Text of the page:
MODESTO — The DMC Foundation which offered the only day care program for disabled and medically fragile adults in the Northern San Joaquin Valley has closed, citing state funding problems, but officials hope to reopen the Modesto nonprofit.
The foundation provided a host of programs, such as childbirth, safety and diabetes education, but its signature programs were Miller's Place, which provided adult day health care for about 75 people, and its Alzheimer's day care program, which served as many as 20 people.
The foundation, which had operated out of a complex of buildings on the 700 block of McHenry Avenue, closed April 12.
"We closed the doors to stop the bleeding right now," DMC Foundation board member Nick Blom said. "We didn't want to end up being in the red so much. What happened is our state funding. A lot of that is drying up."
DMC Foundation acting Executive Director Victor Montes said the nonprofit ended 2012 with a $150,000 deficit. He said Miller's Place and the Alzheimer's day care program are the foundation's most expensive programs, and government funding for them has become precarious in recent years.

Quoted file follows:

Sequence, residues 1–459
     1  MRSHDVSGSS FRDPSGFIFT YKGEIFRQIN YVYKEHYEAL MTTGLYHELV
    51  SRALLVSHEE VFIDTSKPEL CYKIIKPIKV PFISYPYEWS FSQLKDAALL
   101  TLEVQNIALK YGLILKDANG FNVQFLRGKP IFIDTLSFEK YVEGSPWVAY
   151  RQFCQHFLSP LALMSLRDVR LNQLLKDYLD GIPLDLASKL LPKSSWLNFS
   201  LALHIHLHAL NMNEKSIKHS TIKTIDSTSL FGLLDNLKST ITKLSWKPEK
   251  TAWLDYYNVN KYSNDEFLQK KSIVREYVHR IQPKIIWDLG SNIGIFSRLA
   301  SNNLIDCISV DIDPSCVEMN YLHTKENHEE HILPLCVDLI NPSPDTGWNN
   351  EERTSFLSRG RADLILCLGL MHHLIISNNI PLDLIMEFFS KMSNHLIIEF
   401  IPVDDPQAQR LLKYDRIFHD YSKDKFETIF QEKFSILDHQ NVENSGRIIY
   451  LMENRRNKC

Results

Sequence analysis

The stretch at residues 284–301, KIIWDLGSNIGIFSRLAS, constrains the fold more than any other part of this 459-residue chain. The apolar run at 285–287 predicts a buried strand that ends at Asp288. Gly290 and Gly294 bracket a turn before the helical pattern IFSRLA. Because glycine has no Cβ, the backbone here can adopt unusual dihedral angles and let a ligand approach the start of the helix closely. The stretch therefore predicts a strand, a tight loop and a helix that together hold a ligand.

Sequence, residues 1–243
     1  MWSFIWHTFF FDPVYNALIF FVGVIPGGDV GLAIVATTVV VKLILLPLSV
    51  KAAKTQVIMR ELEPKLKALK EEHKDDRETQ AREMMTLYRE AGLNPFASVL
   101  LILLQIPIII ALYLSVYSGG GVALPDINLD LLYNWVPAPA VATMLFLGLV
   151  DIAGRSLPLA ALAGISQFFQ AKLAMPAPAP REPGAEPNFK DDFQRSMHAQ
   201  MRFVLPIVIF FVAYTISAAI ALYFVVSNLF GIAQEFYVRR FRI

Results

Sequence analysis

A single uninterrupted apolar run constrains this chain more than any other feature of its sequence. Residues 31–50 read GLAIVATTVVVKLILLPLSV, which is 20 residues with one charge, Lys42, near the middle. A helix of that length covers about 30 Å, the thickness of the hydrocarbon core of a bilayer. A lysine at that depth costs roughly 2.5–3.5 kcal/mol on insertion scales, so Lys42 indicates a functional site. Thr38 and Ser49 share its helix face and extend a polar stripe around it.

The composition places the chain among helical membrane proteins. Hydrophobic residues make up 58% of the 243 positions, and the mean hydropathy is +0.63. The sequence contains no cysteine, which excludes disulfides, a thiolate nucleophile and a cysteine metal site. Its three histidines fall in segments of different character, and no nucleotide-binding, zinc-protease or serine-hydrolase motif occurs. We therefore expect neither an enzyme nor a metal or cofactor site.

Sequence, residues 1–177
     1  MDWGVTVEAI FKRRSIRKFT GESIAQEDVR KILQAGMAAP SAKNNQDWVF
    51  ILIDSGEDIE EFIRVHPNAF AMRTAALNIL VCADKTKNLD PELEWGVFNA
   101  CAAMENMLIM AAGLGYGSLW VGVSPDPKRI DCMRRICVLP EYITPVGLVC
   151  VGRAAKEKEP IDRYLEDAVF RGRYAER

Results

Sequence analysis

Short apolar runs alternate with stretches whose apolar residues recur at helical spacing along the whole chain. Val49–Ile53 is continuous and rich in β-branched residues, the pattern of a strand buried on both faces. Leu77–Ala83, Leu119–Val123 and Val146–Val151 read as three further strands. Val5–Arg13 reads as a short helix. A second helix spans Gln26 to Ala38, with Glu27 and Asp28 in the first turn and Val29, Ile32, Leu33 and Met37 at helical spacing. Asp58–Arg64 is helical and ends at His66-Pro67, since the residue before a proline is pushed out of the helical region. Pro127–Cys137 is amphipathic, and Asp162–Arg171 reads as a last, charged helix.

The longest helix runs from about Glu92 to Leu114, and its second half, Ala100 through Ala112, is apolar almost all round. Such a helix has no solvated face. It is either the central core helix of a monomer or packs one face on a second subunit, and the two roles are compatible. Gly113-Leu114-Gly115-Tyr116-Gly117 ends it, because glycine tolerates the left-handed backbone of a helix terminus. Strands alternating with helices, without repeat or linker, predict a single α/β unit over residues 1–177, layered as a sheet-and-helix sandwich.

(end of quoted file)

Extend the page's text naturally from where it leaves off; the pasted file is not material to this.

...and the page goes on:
Montes said DMC Foundation's financial situation grew worse recently because the state changed how it reimburses it for services. That has resulted in reimbursements coming in more slowly, causing cash flow problems.
But Montes said he has meetings lined up this week with organizations that could provide the financial help the DMC Foundation needs to reopen. He declined to provide specifics until after the meetings. But he said he expects he will know within the week whether the foundation can reopen.
The DMC Foundation laid off 49 full- and part-time employees when it closed.
The closure has been a burden for the families that depended upon Miller's Place and the Alzheimer's program. Miller's Place had operated since 1999.
Miller's Place let frail and infirm seniors live with family or in board-and-care homes while they received many of the services they needed during the day.
It allowed family members to continue to work, knowing their elderly parents were safe. It also provided family members with a break from caring for loved ones.
Advocates say adult day health care is a cost-effective alternative to placing the disabled and infirm in much more expensive skilled nursing homes and other institutions.
Bee staff writer Kevin Valine can be reached at email@example.com or (209) 578-2316.